Are hover flies active day and night? We see hover flies during the day but they are not observed at night. Is this because they are not active at night? Or are they active but less likely to be observed in the dark? The absence of evidence is not evidence of absence.
Two scientists* followed the activity of hover flies in an activity monitor that detects movement. The hover flies were on a cycle of 12 h light followed by 12 h of darkness. On the first night of monitoring, the dark phase of the circadian cycle was totally dark. On the second night, the dark phase was interrupted by a 5 h period of light in the middle of the dark phase. On the first day, all of the male hover flies tested flew when the light was on and did not fly when the light was off. On the second night, a few male hover flies flew when the light was on, but substantially fewer than the previous two days. No flies were active in the dark.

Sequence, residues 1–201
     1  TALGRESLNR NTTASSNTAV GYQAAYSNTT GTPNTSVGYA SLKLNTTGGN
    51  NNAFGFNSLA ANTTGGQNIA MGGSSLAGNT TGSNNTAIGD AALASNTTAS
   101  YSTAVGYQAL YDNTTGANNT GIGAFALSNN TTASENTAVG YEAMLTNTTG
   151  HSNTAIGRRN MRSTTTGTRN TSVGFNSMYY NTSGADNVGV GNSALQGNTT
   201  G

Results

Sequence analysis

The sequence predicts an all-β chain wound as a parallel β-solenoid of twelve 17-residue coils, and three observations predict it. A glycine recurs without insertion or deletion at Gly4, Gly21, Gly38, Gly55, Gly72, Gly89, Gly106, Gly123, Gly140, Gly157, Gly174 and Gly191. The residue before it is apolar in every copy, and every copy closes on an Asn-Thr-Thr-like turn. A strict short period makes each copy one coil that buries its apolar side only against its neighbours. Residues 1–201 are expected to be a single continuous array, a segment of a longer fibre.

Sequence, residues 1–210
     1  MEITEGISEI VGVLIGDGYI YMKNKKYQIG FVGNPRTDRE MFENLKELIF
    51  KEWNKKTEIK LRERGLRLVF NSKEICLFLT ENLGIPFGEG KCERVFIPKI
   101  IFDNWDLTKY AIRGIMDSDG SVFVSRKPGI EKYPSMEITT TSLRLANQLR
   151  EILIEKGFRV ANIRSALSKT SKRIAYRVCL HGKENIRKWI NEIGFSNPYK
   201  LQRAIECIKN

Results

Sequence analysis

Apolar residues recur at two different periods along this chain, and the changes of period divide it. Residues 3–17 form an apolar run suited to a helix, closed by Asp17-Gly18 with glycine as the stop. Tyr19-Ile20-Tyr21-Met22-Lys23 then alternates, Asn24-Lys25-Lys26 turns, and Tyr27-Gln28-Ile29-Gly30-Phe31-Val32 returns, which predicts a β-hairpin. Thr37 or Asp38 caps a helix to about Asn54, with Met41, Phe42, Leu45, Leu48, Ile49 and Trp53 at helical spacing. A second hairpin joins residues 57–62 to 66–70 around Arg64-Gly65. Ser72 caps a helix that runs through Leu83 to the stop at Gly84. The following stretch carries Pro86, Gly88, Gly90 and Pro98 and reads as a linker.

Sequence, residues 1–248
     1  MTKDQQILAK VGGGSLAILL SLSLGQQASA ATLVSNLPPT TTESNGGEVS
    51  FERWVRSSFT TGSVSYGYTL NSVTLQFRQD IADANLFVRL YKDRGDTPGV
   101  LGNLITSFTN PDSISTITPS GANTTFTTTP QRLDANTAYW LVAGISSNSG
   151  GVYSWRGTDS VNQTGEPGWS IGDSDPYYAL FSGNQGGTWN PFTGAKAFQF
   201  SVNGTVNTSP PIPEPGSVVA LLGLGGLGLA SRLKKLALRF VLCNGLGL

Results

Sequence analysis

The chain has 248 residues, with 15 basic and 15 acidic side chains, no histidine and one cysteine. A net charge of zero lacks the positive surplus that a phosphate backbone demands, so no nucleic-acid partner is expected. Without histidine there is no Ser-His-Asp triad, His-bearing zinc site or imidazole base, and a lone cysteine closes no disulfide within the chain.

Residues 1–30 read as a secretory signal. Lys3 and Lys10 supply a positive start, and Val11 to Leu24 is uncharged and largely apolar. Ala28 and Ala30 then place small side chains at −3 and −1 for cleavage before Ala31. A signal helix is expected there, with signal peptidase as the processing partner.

The conclusion: There is a circadian rhythm that leads to greater activity during the day than the night. However, the repression of flight activity can be overcome by strong light. Also, hover flies fly only in the light. The darkness completely suppresses flight activity.
*Malin Thyselius · Karin Nordström. Hoverfly locomotor activity is resilient to external influence and intrinsic factors. J Comp Physiol A (2016) 202:45–54.